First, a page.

How To Write Like You Are In Love: Tips For Romance Writers By Dave Goodlove


Have you ever noticed how different you feel and act when you are in love?  The whole world opens up, flowers bloom like the first day of spring after a long winter, and you notice things that have always been there but suddenly appear like they are in technocolor after having watched black-and-white TV your whole life.  Such is the heart inflame with love.  When a romance writer’s characters are in love, the reader absolutely must feel it.  For the reader to live vicariously through our characters, there must be a sense that life for our character in love is completely different in every way.  In some ways, it’s like the difference between a junior high school dance and the senior high school prom.

Romance, whatever that word meant to a thirteen year old, was best expressed on a date to the junior high dance in my generation.  For me, a date to the junior high dance typically went as follows.  First, I would throw on a clean shirt, at least one that was nicer than what I had usually worn, and probably the same style of jeans and sneakers that I hadCorsage_image worn in class.  Then I would leave empty-handed.  There was no gift for my date, just a nice demeanor.  As I didn’t drive yet, my date and I decided to meet at the front door of the school, having gotten dropped off by our parents.  We’d meet at the door with a “hey” and then go inside together, sometimes hand-in-hand, but very rarely.  Once inside, we would usually talk together with our friends and then with each other, drink some punch, and then dance together.  The slow dance was always the most anticipated, finally having the rare opportunity to lean close to each other.  Certainly, there was some measure of excitement before that day, but it was fleeting, usually lasting until the time came to see her again after the dance.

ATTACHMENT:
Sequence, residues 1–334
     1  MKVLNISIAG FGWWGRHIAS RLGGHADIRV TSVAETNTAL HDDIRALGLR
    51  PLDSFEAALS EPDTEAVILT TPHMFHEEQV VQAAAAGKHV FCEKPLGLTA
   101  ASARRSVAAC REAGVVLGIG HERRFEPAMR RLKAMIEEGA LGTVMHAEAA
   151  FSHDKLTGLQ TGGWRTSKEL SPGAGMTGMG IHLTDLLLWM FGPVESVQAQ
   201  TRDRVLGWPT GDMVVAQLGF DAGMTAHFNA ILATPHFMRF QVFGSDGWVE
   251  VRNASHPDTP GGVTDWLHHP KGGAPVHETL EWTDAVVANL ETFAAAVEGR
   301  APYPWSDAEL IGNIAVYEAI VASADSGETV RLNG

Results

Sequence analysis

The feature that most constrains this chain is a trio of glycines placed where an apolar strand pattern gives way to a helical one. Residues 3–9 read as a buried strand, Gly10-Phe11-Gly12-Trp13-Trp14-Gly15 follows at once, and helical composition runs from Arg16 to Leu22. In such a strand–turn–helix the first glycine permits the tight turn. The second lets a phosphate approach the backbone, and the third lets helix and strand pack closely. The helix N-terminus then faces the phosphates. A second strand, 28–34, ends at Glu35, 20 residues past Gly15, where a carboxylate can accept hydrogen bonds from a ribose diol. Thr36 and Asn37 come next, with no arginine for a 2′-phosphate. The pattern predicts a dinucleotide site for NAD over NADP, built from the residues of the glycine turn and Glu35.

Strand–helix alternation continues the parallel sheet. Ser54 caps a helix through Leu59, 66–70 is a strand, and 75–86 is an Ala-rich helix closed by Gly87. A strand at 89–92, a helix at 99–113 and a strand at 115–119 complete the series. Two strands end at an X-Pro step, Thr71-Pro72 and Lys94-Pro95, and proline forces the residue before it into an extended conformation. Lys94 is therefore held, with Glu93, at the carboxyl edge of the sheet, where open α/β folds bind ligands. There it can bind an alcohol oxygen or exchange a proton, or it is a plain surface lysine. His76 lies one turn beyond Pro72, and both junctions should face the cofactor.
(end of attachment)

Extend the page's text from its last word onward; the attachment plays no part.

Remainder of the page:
As if that were a great date in and of itself, the better and far greater date – in fact, the ultimate dating experience for teens – came merely three years later in senior high school: the prom.

The senior high school prom stands in bold contrast to the meager junior high dance.  Unlike the junior high dance where I would throw on a clean shirt and the same style of clothing that I had typically worn in class, the prom required formal dress, and for me, that meant a tuxedo.  There was no simply throwing on clothes.  This was a full ritual in the mirror, including straightening the bow tie and polishing the black shoes to the point of being able to see my own reflection, in anticipation of impressing the girl I had been too afraid to ask to the dance only several weeks earlier.  For girls, this experience of getting ready for the prom could only be likened to her own future wedding preparation.  Indeed, the prom catapulted the level of romance above and beyond the junior high dance.  There was no getting dropped off by parents and meeting my date at the door.  There was renting a sleek, stretched limousine, picking her up at her house by chauffeur, and seeing her for the first time in a formal dress and hairstyle that would never be seen in regular school hours.  I would slide the perfect corsage to match her dress onto her wrist, and when we arrived at the prom, we would walk hand-in-hand or arm-in-arm into the dance, have our photo taken together, and smile like it was the greatest moment of our lives.